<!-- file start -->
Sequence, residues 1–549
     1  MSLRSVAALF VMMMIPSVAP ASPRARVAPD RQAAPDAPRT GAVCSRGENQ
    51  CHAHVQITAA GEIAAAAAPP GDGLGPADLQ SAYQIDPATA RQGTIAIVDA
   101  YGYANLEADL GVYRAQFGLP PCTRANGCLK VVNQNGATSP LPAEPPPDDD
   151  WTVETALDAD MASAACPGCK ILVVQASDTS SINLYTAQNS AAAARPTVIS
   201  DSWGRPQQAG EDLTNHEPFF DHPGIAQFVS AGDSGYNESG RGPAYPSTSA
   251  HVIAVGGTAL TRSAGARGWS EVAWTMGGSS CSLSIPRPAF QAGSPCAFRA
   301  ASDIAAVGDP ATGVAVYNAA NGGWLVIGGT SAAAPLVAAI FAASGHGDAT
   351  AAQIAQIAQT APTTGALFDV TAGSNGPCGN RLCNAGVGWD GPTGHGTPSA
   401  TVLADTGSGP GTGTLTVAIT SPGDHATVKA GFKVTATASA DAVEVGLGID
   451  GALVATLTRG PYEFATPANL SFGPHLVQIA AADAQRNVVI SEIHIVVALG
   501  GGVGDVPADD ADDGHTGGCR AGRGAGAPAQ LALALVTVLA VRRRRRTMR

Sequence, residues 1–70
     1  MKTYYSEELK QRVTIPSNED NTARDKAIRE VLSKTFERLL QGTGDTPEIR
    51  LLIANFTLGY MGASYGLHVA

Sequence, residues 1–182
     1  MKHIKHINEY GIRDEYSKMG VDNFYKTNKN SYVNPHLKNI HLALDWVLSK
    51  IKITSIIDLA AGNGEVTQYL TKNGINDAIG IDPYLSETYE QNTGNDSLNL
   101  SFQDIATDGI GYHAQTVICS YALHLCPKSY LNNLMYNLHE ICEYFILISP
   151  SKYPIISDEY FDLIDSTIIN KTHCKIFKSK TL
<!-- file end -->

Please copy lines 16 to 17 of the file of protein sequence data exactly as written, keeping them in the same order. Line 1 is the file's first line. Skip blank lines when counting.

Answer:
Sequence, residues 1–182
     1  MKHIKHINEY GIRDEYSKMG VDNFYKTNKN SYVNPHLKNI HLALDWVLSK